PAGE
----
Kristian Stephens, as a ceramic artist and floral designer in Louisville, creates compositions that are sensitive gestures of calmness, space, balance and love of nature.
The basis of Kristian’s floral arrangement is the practice of Ikebana, a refined expression of an artist’s personal philosophy. Add to this the unique sculpted vases she makes to interact sublimely with leaves and flowers, and we have one art form influencing another.
Kristian explained that Ikebana is a form of flower arranging developed in Japan; was prominent in the 14th century; and is popular today, with over 3000 schools teaching the art form.
Ikebana is a three-pronged process based on: simplistic design; a minimal number of flowers; and meditating while designing. The designer’s state of mind is actually more important than the flowers. As Kristian said; “Ikebana is all about the love and need of the artist.”
Using a highly systematic method of floral arrangement, the mind is freed to become integrated with nature and self. Only 2 or 3 flowers are used in which each flower occupies a specific space. The tallest flower represents the sky; the middle sized flower represents the human; the lowest plant, the earth.
Integral to this meditative approach are the beautiful unglazed clays of Kristian’s vases. Here’s how she creates the natural forms that hold her floral arrangements.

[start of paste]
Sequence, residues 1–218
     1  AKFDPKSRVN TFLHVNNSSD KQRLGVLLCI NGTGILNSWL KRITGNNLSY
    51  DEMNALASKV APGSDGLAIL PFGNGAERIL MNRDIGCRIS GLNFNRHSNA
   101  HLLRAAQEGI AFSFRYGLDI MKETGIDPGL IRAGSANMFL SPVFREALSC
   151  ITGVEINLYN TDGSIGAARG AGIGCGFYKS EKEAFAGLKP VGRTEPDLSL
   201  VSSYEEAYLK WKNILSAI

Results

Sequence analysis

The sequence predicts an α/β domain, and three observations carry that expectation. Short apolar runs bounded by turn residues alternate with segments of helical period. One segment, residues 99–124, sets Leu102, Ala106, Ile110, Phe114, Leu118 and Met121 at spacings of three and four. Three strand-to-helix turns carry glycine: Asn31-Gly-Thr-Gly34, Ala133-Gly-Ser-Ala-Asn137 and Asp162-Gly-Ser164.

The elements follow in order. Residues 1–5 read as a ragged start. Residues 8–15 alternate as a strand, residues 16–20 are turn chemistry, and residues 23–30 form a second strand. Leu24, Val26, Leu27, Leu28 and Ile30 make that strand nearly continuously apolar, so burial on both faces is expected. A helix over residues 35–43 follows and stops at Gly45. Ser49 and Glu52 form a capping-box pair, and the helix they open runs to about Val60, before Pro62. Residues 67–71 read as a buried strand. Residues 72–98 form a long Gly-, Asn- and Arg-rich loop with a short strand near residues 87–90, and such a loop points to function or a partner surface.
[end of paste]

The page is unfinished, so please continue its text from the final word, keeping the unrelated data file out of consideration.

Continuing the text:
Begin with two pounds of wedged stoneware clay, formed into a pyramid or other geometric shape. Let the clay rest for two hours.
In order to lighten the lower portion of the form, press a hole in the bottom of the clay that only reaches a few inches into the clay.
Take time to press the clay walls out to widen the opening and smooth out any air bubbles, leaving thick walls.
When the clay form has dried to the “just right” consistency, begin shaving the outside walls. Kristian exclaimed that this is real fun and relaxing for the artist.
The top is the last part to shave off. Holes are then poked into the clay to accommodate flower and leaf stems.
The vases are bisque fired then fired to cone six with no glaze. For a vase to hold water, a clear glaze is added to the opening where the stems reside.
“It’s all about the way that the space is used. Every flower placement, every slice of clay, has a huge meaning and presence.” We all felt the importance of Kristian’s words.
Following Kristian’s demonstration, the group’s energy level exploded. Our exuberance came from our understanding that our own art can be a successful expression of appreciation for nature, space, and raw clay. Thanks Kristian for creating vases that express Ikebana so well.
And to make our evening more wonderful we joined Elmer Lucile Allen in celebration of her 88th birthday. She is a great friend to many of us at Louisville Clay.
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